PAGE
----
Im NOT being a smart arse, but if someone Uses round up on my property, more power to them. Just make dang sure you get around the house and the poles! Less work and money spent on gas for me this summer.

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They tried killing her off by having her drink another serum and dying. But less than a year later, she was out killing cops in Robinson Park.

 

Harvest almost kills her, but Batman intervenes and she is saved once again. Poison Ivy seems to be a very hearty villain.

 

I'll agree she's a healthy villain.

 

poisonivy.jpg

 

Oh man.. the "ITCH" I have for her! LOL!

 

TGC

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I have been trying to kill poison ivy at a beach near where I live for years. RoundUp seems to slow it's growth down but not kill it. The best success I have had is to cut the vines with a hammer and chisel. I used to get poison ivy rashes like crazy when I was a kid and I want to spare others the misery.

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I have been trying to kill poison ivy at a beach near where I live for years. RoundUp seems to slow it's growth down but not kill it. The best success I have had is to cut the vines with a hammer and chisel. I used to get poison ivy rashes like crazy when I was a kid and I want to spare others the misery.

 

Put on jeans, boots, long sleeve turtle neck shirt, long dishwashing gloves. Use elastic or tape to keep your pants tight to your ankles and the gloves tight around you arms, put an extra set of gardening gloves over the long dish gloves and pull the stuff up, it comes up pretty easily. Our leaf and limb pick up says it is ok to put poison ivy in the lawn bags...don't know if all are like that. DO NOT BURN IT (but I guess everyone knows not to do that)

 

Afterward be very careful how you undress, put everything straight into the wash and use a bit of bleach. Wash your boots off with Clorox wipes.

 

It's a hassle, but if you want to clear the area around your cache on someone else's property, this a chemical free way....

 

But I personally would get permission even to do this...but that's just me...

 

This is how I get rid of poison ivy in my yard.

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Best is to dress fully and avoid contact as much as possible. If it's too thick then give it up.

 

Could always be worse.

 

Years back a lady I worked with told me of some annoying grass growing in the cracks in the pave before their garage. They tried gasoline, salt and various weed killers, but nothing stopped it (upon reflection, they were probably hybridising a lethal Super Grass,) until they found a large tin in the garage and tried some of what was in it - it killed the grass. They tried it on other weed problems around the house. It killed the weeds and anything even close by, leaving bare ground upon which nothing would grow for years. They passed it around to the neighbors and everyone marveled how effective it was in small quantities.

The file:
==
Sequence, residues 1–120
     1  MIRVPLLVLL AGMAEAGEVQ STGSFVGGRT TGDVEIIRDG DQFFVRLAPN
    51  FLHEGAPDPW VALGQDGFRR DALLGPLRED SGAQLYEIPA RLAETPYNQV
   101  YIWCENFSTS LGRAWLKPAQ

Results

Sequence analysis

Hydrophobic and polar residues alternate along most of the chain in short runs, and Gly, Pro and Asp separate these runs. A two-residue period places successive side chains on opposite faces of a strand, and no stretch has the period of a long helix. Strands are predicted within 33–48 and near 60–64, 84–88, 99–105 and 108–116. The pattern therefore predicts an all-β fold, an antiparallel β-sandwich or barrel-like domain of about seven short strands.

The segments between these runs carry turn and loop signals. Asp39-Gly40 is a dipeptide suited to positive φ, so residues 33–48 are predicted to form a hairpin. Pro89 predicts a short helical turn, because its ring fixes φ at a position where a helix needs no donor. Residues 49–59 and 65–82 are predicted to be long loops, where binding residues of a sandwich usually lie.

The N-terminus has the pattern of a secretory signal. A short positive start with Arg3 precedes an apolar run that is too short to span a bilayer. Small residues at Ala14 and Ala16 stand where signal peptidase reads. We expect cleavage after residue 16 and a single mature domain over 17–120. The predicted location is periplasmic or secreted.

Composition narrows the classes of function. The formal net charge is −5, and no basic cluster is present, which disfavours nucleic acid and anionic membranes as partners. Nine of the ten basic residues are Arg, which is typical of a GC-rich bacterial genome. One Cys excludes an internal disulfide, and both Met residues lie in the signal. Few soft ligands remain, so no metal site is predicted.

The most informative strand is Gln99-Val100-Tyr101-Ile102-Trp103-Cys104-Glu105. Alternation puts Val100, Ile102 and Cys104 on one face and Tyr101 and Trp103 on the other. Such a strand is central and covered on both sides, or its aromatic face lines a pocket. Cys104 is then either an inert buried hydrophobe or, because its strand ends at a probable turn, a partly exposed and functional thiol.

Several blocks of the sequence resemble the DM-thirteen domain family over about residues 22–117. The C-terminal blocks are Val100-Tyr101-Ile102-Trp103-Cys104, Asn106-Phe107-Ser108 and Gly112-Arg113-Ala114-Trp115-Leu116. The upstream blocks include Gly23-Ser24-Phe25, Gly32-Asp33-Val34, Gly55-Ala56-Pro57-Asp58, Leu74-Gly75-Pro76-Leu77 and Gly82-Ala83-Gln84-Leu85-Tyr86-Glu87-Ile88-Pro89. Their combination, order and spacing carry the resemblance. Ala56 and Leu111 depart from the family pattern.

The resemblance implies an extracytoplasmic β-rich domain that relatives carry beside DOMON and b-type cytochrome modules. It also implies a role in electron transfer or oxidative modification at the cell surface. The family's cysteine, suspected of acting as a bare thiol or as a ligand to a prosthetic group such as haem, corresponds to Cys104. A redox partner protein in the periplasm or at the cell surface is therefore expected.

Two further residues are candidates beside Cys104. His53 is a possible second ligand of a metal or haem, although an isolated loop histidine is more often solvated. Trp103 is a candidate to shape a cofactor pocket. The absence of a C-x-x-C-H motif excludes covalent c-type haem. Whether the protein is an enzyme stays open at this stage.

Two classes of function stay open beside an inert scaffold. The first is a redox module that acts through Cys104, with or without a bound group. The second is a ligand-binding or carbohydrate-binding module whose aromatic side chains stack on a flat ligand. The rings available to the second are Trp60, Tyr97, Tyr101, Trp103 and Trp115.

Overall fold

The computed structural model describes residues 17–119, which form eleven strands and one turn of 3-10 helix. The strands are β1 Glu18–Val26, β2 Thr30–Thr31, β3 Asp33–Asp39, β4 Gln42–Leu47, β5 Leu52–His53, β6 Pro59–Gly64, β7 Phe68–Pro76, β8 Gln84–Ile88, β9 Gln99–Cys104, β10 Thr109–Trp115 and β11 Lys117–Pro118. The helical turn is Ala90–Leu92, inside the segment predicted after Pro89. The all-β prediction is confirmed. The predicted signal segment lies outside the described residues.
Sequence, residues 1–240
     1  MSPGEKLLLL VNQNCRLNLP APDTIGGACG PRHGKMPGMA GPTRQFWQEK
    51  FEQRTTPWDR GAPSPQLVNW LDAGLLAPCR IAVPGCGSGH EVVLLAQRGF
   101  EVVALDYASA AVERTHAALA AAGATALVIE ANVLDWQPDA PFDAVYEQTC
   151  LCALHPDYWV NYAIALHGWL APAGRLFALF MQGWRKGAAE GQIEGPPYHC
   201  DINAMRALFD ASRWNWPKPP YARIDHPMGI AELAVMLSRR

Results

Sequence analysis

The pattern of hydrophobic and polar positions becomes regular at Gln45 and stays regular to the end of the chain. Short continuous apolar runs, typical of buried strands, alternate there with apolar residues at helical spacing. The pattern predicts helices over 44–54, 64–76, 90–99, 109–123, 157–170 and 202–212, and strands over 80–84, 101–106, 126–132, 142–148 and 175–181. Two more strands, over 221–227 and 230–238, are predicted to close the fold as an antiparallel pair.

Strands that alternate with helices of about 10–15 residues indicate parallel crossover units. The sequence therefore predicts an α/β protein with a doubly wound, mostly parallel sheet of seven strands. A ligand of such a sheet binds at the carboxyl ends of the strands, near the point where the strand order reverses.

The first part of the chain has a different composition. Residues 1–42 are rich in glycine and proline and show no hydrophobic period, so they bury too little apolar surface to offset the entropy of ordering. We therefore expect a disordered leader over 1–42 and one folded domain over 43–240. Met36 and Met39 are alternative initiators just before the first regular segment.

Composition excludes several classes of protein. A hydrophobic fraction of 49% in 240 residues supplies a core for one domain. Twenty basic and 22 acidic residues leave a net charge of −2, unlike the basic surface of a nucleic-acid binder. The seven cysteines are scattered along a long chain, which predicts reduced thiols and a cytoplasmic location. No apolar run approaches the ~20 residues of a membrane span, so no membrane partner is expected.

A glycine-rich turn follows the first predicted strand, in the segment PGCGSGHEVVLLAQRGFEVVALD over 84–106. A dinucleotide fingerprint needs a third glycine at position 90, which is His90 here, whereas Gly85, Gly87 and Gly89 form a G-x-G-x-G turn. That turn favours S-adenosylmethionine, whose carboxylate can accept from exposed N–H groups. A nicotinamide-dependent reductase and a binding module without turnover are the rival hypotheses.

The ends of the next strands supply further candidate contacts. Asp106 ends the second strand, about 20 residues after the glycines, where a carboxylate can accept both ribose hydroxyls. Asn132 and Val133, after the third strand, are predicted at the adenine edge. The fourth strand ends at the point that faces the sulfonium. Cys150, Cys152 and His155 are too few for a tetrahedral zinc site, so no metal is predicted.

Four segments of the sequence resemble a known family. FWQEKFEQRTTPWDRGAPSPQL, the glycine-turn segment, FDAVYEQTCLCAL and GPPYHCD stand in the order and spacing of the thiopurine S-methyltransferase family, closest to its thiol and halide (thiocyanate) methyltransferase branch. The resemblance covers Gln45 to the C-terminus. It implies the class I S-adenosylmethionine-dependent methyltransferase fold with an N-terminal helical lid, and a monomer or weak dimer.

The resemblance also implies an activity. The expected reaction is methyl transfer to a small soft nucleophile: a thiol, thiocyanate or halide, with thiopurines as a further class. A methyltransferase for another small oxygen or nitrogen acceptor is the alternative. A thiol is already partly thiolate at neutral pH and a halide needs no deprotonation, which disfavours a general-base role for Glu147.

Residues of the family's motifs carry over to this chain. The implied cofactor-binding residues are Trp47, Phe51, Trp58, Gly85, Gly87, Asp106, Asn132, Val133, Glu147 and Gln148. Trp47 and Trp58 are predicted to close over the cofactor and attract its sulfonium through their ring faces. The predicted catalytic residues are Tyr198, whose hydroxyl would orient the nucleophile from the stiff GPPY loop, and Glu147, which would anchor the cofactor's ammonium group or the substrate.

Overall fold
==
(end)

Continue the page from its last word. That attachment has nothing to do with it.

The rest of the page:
What was it? Where did they get it?

 

Turns out her first husband worked for a chemical company. The chemical he brought home from work (most likely without authorisation) and left in the garage after their divorce. The chemical would become notorious in the news in the next few years. Knowing they used it, they had to test their ground water, for you see, the neighborhood all houses water came from wells. The chemical turned up in the well water, much to their chagrin and distress. All houses had to be put on city water (at no small expense) and the wells shut.

 

The useful chemical is commonly known as Agent Orange.

 

Sometimes it's best to just leave the plants be.

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many places have deemed poison ivy to be a "noxious weed" which wikipedia defines as:

 

A noxious weed is an invasive species of a plant that has been designated by county, state or provincial, or national agricultural authorities as a one that is injurious to agricultural and/or horticultural crops, natural habitats and/or ecosystems, and/or humans or livestock. Most noxious weeds are introduced species (non-native) and have been introduced into an ecosystem by ignorance, mismanagement, or accident. Occasionally some are native. Typically they are plants that grow aggressively, multiply quickly without natural controls (native herbivores, soil chemistry, etc.), and adversely affect native habitats, croplands, and/or are injurious to humans, native fauna, and livestock through contact or ingestion. Noxious weeds are a large problem in many parts of the world, greatly affecting areas of agriculture, forest management, nature preserves and parks, and other open space lands.